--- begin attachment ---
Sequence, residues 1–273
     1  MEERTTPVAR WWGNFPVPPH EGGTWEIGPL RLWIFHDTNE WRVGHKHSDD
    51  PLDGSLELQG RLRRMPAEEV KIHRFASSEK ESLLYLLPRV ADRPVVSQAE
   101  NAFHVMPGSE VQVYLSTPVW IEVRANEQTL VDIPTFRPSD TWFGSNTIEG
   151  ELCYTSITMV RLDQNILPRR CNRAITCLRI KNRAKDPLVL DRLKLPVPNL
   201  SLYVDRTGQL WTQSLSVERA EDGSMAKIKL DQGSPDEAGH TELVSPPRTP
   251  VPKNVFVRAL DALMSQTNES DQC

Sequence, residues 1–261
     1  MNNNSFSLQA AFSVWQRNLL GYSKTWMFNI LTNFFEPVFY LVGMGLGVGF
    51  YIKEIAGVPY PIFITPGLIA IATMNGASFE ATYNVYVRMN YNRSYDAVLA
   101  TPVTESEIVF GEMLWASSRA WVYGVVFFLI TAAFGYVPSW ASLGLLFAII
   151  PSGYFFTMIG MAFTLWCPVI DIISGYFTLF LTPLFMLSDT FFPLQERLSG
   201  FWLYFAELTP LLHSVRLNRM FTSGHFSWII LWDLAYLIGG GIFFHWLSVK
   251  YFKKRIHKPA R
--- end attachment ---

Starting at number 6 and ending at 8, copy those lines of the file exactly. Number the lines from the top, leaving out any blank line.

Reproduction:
   201  SLYVDRTGQL WTQSLSVERA EDGSMAKIKL DQGSPDEAGH TELVSPPRTP
   251  VPKNVFVRAL DALMSQTNES DQC

Sequence, residues 1–261